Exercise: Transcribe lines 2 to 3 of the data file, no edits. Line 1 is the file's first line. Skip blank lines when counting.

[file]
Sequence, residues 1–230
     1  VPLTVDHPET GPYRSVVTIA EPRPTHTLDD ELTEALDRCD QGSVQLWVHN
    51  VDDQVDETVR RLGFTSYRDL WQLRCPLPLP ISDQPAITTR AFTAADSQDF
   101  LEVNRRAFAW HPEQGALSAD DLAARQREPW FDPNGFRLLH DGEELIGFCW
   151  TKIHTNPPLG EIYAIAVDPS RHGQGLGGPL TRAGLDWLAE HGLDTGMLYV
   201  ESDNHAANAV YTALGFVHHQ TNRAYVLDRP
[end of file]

     1  VPLTVDHPET GPYRSVVTIA EPRPTHTLDD ELTEALDRCD QGSVQLWVHN
    51  VDDQVDETVR RLGFTSYRDL WQLRCPLPLP ISDQPAITTR AFTAADSQDF